Fields of wheat, barley and rice are where whole grains start their lives. Whole grains are the seeds of these plants in their natural form; a far cry from the refined foods they end up in. We all know that whole grains are better for us, but what exactly are whole grains, why should we eat them and how can we incorporate them into our daily diets? Fear not future whole grain eaters, we will reveal all as we take you on an adventure though the life of the humble grain seed.
What is a whole grain?
A ‘whole grain’ is simply the seed of a plant. This is when the seed is still intact, so it has its outer skin of bran which provides us with fiber, antioxidants and vitamin B. The inside of the seed contains the germ and the endosperm which are rich in vitamins, minerals, carbohydrates, proteins and healthy fats.
Refined grains have the bran and the germ removed, leaving only the carbohydrate-rich endosperm. This results in a loss of 25% of the grain’s protein and 17 vitamins and minerals. The perception that refined foods are tastier is simply not true, although whole grains do take a little more time to prepare.
Why bother with whole grains?
There are a plethora of reasons you should take the time to include whole grains in your diet. Three servings a day work best, but any increase in consumption will result in a marked improvement in health. You can look forward to:
- 30-36% reduced risk of stroke
- 21-30% reduction in the risk of type 2 diabetes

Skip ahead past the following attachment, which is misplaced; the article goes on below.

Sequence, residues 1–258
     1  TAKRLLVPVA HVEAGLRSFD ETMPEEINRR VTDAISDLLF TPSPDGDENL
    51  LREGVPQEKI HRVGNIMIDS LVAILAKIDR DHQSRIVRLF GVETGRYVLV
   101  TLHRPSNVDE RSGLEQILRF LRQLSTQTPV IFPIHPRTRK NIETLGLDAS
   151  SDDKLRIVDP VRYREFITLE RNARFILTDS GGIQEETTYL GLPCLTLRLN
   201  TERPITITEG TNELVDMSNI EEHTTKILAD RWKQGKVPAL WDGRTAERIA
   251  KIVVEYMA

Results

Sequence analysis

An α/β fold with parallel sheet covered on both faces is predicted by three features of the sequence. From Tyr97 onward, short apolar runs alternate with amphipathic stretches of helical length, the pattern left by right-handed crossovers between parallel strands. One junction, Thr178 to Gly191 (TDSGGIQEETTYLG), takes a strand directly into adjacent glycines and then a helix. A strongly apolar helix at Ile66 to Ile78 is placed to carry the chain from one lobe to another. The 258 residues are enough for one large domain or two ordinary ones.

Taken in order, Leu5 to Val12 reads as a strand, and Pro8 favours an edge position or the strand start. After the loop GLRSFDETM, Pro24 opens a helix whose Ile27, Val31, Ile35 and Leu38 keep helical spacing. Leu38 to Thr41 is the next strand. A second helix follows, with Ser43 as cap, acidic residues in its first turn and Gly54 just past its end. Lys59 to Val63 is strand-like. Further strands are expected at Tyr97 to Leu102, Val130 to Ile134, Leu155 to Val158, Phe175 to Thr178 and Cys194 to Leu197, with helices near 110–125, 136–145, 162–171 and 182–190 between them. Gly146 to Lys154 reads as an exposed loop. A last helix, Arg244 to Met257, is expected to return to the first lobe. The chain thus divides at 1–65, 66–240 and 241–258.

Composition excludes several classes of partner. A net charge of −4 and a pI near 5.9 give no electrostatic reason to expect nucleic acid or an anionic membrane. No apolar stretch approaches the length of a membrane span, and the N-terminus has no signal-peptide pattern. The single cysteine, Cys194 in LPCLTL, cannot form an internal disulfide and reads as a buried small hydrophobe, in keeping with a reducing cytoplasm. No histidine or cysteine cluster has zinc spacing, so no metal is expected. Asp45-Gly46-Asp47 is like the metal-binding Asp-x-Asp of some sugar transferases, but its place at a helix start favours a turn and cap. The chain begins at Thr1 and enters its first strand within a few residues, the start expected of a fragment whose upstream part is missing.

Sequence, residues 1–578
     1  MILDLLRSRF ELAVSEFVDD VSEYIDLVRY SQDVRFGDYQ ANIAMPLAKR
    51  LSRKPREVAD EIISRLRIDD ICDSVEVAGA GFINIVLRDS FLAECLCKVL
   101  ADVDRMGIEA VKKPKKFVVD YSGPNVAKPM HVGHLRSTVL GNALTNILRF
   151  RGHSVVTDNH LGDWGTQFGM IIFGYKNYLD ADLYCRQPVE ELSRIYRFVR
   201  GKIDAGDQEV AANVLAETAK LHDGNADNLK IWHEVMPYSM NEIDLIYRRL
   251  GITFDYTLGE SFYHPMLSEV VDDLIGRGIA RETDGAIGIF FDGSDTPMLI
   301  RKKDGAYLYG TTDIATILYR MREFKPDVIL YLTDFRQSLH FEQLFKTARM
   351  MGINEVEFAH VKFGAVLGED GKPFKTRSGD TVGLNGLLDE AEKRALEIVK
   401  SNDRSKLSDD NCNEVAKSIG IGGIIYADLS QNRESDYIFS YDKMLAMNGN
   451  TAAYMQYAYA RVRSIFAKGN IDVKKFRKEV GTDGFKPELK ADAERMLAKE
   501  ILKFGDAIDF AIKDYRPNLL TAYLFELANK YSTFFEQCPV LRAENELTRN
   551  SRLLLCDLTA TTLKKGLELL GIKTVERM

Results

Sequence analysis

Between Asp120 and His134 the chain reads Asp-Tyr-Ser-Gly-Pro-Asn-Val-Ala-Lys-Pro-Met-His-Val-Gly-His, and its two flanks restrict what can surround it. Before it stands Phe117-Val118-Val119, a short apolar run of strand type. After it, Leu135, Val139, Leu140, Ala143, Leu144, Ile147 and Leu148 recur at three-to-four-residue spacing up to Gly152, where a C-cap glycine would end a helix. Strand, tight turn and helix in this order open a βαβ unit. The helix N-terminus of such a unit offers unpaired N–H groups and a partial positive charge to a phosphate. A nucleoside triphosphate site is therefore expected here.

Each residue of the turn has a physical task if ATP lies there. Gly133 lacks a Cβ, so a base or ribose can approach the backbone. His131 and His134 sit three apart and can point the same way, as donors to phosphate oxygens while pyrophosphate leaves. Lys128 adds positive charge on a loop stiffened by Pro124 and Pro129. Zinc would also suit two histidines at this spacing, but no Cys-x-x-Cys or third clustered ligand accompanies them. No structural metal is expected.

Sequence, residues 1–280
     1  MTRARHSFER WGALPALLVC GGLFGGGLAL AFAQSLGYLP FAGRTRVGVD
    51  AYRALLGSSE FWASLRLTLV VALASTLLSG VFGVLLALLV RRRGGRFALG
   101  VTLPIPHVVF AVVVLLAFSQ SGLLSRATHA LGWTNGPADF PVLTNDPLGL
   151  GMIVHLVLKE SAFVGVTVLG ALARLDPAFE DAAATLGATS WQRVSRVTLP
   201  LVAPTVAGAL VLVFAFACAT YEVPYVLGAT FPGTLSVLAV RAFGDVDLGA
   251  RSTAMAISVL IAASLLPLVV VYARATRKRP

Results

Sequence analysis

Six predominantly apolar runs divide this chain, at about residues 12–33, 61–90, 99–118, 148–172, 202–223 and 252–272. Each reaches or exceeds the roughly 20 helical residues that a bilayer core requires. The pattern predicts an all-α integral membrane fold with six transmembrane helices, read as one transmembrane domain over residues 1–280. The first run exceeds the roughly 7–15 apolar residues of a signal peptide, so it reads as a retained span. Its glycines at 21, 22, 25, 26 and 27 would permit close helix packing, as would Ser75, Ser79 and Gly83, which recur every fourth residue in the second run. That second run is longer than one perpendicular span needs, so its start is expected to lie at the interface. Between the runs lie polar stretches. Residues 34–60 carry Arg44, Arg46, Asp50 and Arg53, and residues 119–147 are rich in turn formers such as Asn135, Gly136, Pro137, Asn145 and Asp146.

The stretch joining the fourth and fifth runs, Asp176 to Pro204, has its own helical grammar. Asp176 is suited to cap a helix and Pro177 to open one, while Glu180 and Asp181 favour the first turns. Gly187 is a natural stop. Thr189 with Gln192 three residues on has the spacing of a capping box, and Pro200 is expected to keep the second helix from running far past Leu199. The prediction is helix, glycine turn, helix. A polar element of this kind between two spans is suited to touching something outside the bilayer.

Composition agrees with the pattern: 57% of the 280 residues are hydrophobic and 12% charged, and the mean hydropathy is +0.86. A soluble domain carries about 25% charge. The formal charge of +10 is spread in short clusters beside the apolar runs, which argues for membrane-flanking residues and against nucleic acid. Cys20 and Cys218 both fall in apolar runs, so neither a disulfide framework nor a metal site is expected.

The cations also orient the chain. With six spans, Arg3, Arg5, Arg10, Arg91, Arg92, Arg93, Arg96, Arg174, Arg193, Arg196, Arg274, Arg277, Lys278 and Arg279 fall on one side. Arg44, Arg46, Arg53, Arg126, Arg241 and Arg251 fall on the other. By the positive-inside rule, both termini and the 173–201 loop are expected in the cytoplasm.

- 25-28% reduced risk of heart disease
- Reduced risk of asthma and colorectal cancer
- Healthier carotid arteries and blood pressure levels
- Reduced risk of inflammatory disease and less gum disease and tooth loss
How can I add whole grains to my diet?
Ok, so they’re healthy, but how do you add them to your diet? Its simplicity itself! Let’s start with something convenient; oats. Opt for the variety that you need to cook rather than instant oats. It’s really easy to do and only takes a minute. If you want to up the ante, add some honey and a couple of tablespoons of milled flax seed.
Substitute brown rice for white rice. You cook it in the same way, and the rich nutty flavor is a great reward. In fact, there are many things you can substitute for white rice like barley or quinoa. Both of these can be cooked in the same way as you would prepare white rice. They like a soaking, a good rinse and the cooking time will be a little longer, but the rewards in flavor and nutritional value are worth the couple of extra minutes.
Popcorn is a great way to include whole grains into your diet. Of course slathering it in lashings of butter and fistfuls of salt will negate its positive contribution, so try seasoning it with lemon juice instead.
Whole grain breads, pastas, buns, pizza crusts and tortillas all help, so opt for these whenever you can. Wholegrain options are available everywhere if you just look out for them, so start today and get a whole lot of whole grains – you will be glad you did!